This is the second article in a two part series. To read the first click here: 4 Reasons Why Taking in the Good is so Important: Part One.

3. The more you pay attention to what’s good, the more you notice what’s good.

When my career coaching client, Matt, first came to me, he felt bored and isolated at work. He wasn’t fully using his skills, and he lacked confidence in his ability to contribute to his organization. In his first coaching session, he realized that he’d been complaining about his colleagues rather than getting curious about what was within his power to change. So, he created the commitment statement: I choose to move forward with positivity, even when it’s hard.

Here’s what happened next in his words:

I started thinking outside of my little, isolated box and opened up an awareness of possibility. I started thinking bigger about what I really wanted to do.

In response to my internal shifts, opportunities started showing up.

The internal shift helped me to shift my role at work. Before, I was caught in the weeds doing mostly technical work. Now, I have a new position as the point person for a strategic program to ensure that our online services are accessible to all users. It’s fascinating work, and I’m loving it.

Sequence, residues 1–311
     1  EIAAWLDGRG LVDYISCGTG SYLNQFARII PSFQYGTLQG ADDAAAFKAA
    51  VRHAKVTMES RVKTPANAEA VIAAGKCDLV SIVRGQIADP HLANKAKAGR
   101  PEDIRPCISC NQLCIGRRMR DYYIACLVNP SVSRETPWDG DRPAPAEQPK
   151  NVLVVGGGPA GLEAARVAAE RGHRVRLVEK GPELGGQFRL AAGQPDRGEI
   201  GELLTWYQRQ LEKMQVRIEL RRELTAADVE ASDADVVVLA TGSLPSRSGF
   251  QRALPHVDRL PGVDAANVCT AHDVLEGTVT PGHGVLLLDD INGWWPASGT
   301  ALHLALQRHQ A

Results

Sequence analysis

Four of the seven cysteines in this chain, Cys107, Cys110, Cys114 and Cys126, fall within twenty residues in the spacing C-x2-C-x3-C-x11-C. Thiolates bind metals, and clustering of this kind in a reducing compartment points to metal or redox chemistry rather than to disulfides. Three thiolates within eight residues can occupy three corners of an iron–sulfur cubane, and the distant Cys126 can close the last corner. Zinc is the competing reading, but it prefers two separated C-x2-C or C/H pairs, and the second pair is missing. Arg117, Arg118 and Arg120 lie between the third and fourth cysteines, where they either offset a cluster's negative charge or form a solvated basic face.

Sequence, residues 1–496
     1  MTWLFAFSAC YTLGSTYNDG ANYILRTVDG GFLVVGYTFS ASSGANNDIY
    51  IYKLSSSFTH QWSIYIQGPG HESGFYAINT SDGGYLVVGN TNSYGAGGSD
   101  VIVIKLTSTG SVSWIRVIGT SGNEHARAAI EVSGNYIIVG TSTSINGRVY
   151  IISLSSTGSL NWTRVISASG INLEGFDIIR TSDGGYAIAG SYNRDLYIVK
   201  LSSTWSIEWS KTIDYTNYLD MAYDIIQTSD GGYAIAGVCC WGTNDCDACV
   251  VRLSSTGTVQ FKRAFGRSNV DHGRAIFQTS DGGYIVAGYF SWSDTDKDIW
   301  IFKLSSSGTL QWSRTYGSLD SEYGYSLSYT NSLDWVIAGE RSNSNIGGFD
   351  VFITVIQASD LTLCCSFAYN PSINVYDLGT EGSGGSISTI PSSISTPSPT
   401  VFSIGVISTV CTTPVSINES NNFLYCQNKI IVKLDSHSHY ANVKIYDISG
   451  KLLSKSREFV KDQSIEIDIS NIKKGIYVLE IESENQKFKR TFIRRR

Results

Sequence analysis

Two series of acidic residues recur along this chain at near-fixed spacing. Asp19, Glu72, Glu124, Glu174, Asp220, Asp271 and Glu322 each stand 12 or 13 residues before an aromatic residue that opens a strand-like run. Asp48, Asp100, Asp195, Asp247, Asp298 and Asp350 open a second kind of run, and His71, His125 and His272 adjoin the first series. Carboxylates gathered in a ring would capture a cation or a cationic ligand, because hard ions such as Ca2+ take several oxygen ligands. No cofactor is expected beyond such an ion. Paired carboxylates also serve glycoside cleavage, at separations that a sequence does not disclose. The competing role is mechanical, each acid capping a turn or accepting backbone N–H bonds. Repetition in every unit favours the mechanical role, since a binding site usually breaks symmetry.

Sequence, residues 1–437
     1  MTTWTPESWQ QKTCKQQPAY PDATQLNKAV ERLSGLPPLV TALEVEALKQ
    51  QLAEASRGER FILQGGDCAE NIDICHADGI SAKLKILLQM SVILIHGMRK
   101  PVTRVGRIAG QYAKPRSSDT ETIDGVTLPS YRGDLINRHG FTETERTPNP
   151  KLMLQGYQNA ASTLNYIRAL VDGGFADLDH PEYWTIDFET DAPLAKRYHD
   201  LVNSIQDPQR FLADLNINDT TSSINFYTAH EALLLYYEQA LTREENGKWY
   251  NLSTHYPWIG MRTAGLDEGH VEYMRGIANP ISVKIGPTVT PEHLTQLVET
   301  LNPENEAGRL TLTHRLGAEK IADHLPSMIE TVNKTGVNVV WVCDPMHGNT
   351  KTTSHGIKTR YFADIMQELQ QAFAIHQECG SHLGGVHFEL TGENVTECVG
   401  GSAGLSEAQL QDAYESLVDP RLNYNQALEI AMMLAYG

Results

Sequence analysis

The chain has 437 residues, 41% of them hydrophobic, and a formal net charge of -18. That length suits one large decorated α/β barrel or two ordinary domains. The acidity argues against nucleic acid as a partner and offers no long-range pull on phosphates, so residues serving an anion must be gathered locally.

When you repeatedly focus attention on what works—what nourishes you, brings you delight, and moves you closer to your calling—it becomes easier to enjoy your life, understand what you want and how to make it a reality, and detect opportunities you may have otherwise overlooked.

4. Focusing on the good makes confirmation bias work for you.

Confirmation bias is our human tendency to find, interpret, and remember information in a way that confirms our preexisting beliefs. Confirmation bias can work for us or against us.

If you believe you’ll do poorly, you’re more likely to focus on your mistakes, tell yourself that you failed, and take fewer risks. If you believe you’ll do well, you’re more likely to see challenges as learning opportunities and celebrate your successes.

When we take in self-appreciation—paying attention to what we appreciate about ourselves—it becomes easier to believe we’re capable of doing well, persist in the face of setbacks, and live our callings fully.

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